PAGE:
Contribute to 529 education saving plan to get tax deduction when you pay for your kids Primary, Secondary and Religious school tuition
The Tax Cut & Jobs Act signed into law by president Trump on December 22, 2017 allows for withdrawal of upto $10,000 from a 529 plan for tuition paid towards elementary and secondary school education. This is in addition to withdrawal allowed for college education.
You can now pay upto $10,000 for the following tuition expenses for each kid out of the 529 plan
- Elementary schools
- Secondary schools
- Religious Schools
To understand it better, let’s discuss it with perspective to NYS 529 plan. The way it works is you open a NYS 529 plan account by going online to https://www.nysaves.org/home/open-ny-529-account.html?. You must open an account in your name and make your kids beneficiaries of that account. It is important to note that you can take the NYS tax deduction on your tax return only when the account is in your name. You can now make contribution into the account for each of your kids. You can then withdraw money from it to pay for their tuition. The amount you can withdraw is upto $10,000 each year for each kid to pay for their tution.
The question that comes up is why would you do that? Why not keep paying for kids tuition directly as you have been doing so far. The answer to it is the following tax savings you get by doing so:
- The earnings (interest, dividends and capital gains) in the account grow tax free.
- The earnings (interest, dividends and capital gains) on this money is not subject to Federal and state tax when it is withdrawn.
- And the biggest and the most beneficial reason is NYS provides upto $10,000 in tax deduction ($5,000 if single) on contribute made to NYS 529 plan.
Let’s take an example to get a better understanding of the same
Anna opens a NYS 529 plan account in 2017 with her son Daniel as a beneficiary. She contributes $12,000 to the account in 2017. The interest and dividends earned in the account are $500 during 2017. Assuming she is filing a joint return with her spouse she will not report $500 income on her tax return. Assuming her highest tax bracket is 24% federal and 6.45% NYS she will save $152 in taxes on this investment (500 * (24%+6.45%) = 152). In addition she will get a deduction of $10,000 on her NYS tax return which essentially means a tax savings of $645 ($10,000*6.45%).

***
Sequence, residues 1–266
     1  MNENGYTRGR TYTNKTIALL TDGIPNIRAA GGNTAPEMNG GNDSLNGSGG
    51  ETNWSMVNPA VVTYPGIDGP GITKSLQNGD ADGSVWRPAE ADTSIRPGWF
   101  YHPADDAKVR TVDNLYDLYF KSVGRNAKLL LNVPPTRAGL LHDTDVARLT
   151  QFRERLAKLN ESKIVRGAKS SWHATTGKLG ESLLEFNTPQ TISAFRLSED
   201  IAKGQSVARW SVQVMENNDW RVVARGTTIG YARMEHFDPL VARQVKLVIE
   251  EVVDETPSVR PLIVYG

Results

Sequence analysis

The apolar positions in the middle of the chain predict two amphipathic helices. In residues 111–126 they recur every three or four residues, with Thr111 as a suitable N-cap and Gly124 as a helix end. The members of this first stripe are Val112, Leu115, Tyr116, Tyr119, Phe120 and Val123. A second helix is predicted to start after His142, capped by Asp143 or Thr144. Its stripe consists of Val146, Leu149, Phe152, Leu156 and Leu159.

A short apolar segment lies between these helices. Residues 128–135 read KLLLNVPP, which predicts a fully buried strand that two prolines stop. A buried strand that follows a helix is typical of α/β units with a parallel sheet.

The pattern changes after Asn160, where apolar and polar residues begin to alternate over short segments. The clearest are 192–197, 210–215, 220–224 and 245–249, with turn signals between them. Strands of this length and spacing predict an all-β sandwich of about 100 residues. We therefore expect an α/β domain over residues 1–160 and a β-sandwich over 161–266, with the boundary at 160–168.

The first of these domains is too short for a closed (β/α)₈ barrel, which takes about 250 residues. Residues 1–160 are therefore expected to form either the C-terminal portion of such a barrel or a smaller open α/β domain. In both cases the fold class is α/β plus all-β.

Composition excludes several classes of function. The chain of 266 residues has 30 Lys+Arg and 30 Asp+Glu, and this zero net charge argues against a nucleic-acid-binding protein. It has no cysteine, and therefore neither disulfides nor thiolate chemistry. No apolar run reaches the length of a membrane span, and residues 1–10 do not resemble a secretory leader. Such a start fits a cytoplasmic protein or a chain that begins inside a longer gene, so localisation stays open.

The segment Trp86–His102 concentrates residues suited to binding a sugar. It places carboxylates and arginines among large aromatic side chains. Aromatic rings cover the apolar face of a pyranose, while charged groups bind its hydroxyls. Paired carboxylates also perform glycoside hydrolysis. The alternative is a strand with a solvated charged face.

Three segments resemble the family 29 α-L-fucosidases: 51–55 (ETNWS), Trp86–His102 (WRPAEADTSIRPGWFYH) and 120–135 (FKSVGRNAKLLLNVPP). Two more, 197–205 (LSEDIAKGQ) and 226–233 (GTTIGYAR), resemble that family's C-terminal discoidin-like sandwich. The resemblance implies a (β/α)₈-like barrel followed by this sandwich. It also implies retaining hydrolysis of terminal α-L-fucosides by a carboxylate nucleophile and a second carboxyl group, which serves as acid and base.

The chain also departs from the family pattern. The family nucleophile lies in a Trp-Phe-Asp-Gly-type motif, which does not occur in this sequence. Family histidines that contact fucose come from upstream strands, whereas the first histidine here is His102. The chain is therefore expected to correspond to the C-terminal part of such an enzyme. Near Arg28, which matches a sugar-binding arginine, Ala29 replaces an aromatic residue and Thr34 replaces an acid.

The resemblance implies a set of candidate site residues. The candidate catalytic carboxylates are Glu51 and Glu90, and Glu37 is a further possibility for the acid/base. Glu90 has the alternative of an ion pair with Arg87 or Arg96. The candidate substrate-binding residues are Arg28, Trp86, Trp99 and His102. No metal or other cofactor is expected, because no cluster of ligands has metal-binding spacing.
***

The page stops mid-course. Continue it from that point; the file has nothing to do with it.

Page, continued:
Further let’s assume Daniel goes to kindergarten in a private school in 2018. The tuition for it is $1,000 per month. She can withdraw upto $10,000 from the plan account to pay for it. She will not be required to include any income on it on her tax return.
If you did not open a NYS 529 plan account in 2017 you can still open one in 2018. You can than contribute the money into the account and then withdraw it to pay for your kids tuition. This way even if you do not earn any interest, divined or capital gain income you can still get a deduction of upto $10,000 on that contribution for NYS tax purposes. Simply said just by contributing and then withdrawing the money from the plan to pay for your kids tuition you can save upto $600 to $700 in NYS taxes.
For example Sam contributes $24,000 to the NYS 529 plan in 2018. $12,000 for each of his daughters who are in grade 2 and 4 in a private school. He can withdraw upto $10,000 from each account for a total of $20,000. He can only deduct upto $10,000 on his NYS tax return for the contribution he made to her Daughter’s 529 plan account (assumed it’s a joint return).
Grandparents can also open a 529 plan account in their name and contribute to it for the benefit of their grandkids and get NYS tax deduction upto $10,000 on that contribution. Please consult your tax advisor.
The conclusion is that, if your kids are going to primary, secondary or religious schools and you are paying for their tuition you must consider opening a 529 plan account. This will provide you with substantial federal and state tax savings.
By Mariya Luqmani, CPA, MST